As a parent, you may be preparing yourself for those adolescent years — a period when your child pushes the limits of what they can and cannot get away with. Adolescence is a time of establishing identity and testing boundaries. As a result, talking to your teen about important issues like drugs and alcohol may cause some anxiety. Fortunately, there are several tactics you can use when you’re starting a conversation about drugs and alcohol with your teenager.
To start, setting clear rules about substance abuse can help alleviate some stress on your end. While you can’t guarantee your rules won’t be broken, you can outline what is and is not acceptable in your home. Studies show that kids who have clear rules are less likely to get into serious trouble than those who don’t.
Because parents are the most significant influence in a teen’s life, you must keep communication open with your teen. Try to give them as much respect as you expect in return, and always remind them of your support.
A few guidelines to help you communicate clearly and effectively with your teenager follow.
Give your teenager a heads up as to when they can expect “the talk.” If your adolescent isn’t prepared or feels ambushed, they’ll be less likely to keep an open mind during your conversation. Be clear about what your child can expect from the talk. You can say something like, “This weekend, let’s discuss alcohol and drugs. You’re not in trouble. I want to talk about where we stand and be open to any questions or concerns you have.”
To ensure that your teen remains receptive to what you have to say, be sure to stay curious and calm during any conversation. After listening (without interruption) to what your teenager has to say, try to repeat what you heard with “I” statements. That way, you can show your child empathy and that you were listening to their ideas and emotions. You can say things like, “I hear you say you’re feeling…” or “Am I right in saying that you’re feeling…”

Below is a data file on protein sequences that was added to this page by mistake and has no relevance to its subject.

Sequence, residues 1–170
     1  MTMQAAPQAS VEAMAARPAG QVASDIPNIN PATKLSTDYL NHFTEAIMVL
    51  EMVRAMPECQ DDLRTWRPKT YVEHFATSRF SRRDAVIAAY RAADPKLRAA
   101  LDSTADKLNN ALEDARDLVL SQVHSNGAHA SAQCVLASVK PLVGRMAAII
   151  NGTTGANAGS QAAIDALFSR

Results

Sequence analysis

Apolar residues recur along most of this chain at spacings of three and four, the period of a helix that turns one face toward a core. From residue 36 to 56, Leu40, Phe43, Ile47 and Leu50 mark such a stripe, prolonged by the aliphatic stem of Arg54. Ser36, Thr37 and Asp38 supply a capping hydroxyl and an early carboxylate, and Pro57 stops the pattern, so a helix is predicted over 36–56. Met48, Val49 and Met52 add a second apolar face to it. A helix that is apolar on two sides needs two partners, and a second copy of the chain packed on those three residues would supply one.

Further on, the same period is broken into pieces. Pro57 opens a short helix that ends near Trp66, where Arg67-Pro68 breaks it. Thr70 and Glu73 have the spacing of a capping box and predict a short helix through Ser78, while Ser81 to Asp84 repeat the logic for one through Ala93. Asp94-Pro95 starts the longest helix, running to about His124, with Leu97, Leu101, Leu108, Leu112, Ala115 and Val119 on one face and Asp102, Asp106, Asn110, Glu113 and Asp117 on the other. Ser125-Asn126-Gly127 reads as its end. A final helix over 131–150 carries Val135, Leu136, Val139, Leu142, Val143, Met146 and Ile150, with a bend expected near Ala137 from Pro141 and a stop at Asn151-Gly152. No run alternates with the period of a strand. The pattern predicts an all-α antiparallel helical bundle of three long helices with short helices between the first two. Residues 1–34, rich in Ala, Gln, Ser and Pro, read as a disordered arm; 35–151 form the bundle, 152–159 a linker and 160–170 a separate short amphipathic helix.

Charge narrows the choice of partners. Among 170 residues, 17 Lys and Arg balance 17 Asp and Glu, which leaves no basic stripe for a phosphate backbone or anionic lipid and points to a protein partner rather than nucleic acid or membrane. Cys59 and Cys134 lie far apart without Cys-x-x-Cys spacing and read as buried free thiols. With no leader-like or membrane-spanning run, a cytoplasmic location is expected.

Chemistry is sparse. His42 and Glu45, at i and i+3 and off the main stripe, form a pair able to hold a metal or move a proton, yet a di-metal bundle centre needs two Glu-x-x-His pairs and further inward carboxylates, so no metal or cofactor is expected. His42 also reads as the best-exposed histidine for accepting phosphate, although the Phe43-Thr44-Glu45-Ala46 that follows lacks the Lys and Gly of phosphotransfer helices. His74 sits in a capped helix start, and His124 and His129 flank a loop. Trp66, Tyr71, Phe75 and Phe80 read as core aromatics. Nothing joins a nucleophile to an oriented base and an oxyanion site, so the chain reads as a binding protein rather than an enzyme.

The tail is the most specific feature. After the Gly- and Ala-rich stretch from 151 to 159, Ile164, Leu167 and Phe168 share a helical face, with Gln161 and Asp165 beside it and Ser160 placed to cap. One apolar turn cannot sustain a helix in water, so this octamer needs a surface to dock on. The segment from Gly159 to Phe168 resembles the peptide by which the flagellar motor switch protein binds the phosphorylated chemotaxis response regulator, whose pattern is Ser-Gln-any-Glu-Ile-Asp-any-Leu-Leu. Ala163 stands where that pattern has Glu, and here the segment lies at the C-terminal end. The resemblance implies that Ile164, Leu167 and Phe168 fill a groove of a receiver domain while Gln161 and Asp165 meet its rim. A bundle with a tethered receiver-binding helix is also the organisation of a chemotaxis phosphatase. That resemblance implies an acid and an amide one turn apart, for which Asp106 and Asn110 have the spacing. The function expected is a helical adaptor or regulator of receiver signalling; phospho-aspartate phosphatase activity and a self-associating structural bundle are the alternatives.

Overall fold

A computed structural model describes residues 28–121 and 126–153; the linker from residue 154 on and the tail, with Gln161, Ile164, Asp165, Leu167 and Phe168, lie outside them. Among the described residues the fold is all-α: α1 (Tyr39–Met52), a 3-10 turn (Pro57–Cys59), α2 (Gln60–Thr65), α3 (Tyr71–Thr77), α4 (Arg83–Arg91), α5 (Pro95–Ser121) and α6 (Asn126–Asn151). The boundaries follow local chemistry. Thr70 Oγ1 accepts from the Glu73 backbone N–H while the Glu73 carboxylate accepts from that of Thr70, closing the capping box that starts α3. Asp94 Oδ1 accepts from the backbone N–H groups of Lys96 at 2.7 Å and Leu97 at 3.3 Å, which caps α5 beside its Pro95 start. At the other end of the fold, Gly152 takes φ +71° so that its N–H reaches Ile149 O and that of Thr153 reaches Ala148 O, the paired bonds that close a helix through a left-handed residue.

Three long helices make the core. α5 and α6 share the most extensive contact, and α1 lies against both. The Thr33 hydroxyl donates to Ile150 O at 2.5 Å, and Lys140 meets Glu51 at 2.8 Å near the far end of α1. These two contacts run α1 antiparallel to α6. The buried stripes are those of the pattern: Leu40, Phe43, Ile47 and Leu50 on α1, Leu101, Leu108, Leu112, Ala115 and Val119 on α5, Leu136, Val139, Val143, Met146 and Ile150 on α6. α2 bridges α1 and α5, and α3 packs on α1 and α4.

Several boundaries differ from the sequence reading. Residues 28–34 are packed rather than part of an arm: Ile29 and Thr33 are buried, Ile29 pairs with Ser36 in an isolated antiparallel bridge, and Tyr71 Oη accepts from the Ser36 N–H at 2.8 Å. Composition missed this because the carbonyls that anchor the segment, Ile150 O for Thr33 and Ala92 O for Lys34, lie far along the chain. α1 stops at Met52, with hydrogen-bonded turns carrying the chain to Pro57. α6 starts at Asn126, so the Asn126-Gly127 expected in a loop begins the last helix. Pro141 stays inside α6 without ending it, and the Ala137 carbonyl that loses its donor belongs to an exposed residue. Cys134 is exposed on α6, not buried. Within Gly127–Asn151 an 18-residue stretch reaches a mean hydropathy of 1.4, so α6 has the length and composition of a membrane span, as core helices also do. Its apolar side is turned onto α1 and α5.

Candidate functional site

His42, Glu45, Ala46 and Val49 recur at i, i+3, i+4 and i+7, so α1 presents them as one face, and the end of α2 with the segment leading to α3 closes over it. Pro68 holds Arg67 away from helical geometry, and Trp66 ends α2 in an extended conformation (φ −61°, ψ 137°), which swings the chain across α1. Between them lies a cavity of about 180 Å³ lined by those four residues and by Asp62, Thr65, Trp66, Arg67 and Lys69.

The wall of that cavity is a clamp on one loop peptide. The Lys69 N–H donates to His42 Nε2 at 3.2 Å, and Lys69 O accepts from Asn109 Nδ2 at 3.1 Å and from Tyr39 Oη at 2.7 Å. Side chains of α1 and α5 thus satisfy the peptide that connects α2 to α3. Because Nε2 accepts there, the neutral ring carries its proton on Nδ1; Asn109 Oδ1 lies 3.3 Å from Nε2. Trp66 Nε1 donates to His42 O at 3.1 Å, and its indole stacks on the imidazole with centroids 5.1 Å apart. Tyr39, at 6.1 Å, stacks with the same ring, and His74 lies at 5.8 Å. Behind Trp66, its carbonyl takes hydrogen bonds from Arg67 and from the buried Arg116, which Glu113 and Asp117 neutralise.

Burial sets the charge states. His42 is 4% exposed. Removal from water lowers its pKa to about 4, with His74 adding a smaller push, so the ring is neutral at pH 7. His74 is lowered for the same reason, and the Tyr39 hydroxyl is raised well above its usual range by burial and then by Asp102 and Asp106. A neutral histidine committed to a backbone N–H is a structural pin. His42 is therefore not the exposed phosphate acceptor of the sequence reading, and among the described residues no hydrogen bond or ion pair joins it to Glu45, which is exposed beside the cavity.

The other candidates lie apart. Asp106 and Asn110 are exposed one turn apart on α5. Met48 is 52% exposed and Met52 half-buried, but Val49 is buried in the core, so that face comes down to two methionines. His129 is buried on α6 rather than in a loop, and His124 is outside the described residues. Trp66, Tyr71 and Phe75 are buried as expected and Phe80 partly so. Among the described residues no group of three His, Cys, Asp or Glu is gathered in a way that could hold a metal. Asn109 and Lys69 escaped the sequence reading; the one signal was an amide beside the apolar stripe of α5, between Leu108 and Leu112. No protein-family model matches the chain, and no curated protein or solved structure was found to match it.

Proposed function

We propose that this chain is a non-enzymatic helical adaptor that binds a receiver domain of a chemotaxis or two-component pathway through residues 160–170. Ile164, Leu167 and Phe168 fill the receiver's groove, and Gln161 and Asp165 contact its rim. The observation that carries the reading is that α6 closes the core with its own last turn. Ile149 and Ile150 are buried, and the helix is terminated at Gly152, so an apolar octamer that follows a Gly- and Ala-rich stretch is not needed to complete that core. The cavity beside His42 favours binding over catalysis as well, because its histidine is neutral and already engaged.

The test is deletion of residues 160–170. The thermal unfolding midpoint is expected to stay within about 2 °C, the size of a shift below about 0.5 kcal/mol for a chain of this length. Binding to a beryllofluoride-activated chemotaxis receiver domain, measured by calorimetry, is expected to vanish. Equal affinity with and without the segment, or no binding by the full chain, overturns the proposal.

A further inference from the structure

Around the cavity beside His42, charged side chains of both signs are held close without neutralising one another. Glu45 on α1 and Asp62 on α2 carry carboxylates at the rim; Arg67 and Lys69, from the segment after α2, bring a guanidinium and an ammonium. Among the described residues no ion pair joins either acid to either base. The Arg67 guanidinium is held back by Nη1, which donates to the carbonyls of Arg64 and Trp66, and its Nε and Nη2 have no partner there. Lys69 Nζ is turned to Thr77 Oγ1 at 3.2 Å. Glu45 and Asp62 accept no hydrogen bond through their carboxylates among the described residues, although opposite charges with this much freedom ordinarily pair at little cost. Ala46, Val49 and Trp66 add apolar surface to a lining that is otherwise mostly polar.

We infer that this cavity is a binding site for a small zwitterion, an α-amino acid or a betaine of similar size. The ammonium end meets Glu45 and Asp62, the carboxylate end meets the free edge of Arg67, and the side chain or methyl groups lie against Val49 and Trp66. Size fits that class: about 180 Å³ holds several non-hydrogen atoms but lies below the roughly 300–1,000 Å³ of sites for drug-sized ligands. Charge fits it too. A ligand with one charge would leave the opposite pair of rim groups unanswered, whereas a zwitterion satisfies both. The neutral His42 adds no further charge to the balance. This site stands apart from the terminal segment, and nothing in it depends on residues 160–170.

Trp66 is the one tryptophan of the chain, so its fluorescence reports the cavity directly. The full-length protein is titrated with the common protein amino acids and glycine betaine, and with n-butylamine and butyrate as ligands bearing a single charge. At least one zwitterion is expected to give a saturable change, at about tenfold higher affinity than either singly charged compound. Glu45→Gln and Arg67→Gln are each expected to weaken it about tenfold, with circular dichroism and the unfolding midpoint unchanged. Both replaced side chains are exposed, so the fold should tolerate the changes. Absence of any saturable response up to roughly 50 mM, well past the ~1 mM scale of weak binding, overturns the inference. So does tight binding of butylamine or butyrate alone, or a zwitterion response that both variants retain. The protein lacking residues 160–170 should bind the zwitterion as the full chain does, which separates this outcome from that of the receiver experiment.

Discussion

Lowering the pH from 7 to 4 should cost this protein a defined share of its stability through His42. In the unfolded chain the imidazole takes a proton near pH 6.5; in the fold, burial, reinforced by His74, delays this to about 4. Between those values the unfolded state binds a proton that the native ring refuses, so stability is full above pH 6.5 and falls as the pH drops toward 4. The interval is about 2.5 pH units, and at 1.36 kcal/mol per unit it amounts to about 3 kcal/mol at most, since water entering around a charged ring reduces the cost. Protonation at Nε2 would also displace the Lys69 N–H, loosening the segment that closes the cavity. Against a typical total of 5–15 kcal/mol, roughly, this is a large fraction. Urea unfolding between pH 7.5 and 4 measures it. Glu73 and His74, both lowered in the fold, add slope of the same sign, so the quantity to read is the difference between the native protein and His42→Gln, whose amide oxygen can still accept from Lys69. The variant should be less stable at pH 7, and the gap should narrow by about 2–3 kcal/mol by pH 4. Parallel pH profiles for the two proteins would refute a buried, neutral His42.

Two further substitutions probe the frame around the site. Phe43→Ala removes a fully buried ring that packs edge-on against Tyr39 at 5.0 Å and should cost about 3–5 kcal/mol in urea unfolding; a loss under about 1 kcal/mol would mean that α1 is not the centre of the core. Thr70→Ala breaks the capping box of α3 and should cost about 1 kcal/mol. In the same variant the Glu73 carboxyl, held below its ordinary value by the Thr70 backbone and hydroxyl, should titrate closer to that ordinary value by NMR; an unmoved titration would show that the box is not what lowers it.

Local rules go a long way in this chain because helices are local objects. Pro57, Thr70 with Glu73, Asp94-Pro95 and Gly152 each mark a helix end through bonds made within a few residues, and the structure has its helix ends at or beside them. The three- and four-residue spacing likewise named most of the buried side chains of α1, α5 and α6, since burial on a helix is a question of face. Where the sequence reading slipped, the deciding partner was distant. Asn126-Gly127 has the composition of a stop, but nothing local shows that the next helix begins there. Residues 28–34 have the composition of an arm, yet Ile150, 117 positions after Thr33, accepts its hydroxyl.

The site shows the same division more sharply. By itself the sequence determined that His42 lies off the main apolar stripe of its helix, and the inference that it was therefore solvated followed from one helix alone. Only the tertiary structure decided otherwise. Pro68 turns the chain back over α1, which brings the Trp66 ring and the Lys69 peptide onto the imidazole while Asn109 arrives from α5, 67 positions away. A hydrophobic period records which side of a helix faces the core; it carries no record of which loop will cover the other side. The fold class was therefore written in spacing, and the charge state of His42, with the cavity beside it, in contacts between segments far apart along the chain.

Point out things you’d like your adolescent to know about drugs and alcohol in everyday situations. For example, identify drug-related cases in celebrity headlines, or talk about advertising and depictions of substance abuse on TV or in the media. How do these depictions make your child feel? Use these moments to explain the consequences of abusing drugs and alcohol.
Often, parents order their children to do things without explaining the reasons behind those decisions. The explanation is very important when you’re inviting your teen to engage in an adult conversation with you. Explain your rules, but have an “amnesty policy” as a safeguard. Amnesty policies help keep teenagers safe without letting them off the hook.
For example, explain to your child that if they are ever in danger and need to call you for help, you will refrain from grounding or yelling at them because they made an effort to call you for help instead of keeping their mistake a secret. You can still talk with your teenager about the consequences of their choice, but refrain from harsh punishment as a way to reward them for coming to you in a time of danger. You might use the amnesty policy if your teen calls you for cab fare instead of trying to drive home — or accepting a ride from a friend who isn’t sober — from a party at which they were drinking or using drugs.
If you have already had the substance talk with your teenager or are raising an adolescent with a more serious substance abuse problem, our family therapy programs and other services can help. If your teen is struggling with substance abuse, know that there is always help. Gateway has trained professionals ready to assist you and your teenager in the recovery process. All our adolescent treatment programs are now held virtually, so they are perfect for teens not comfortable in an in-person group setting or adolescents living far from an outpatient treatment center. Contact us today to learn more.
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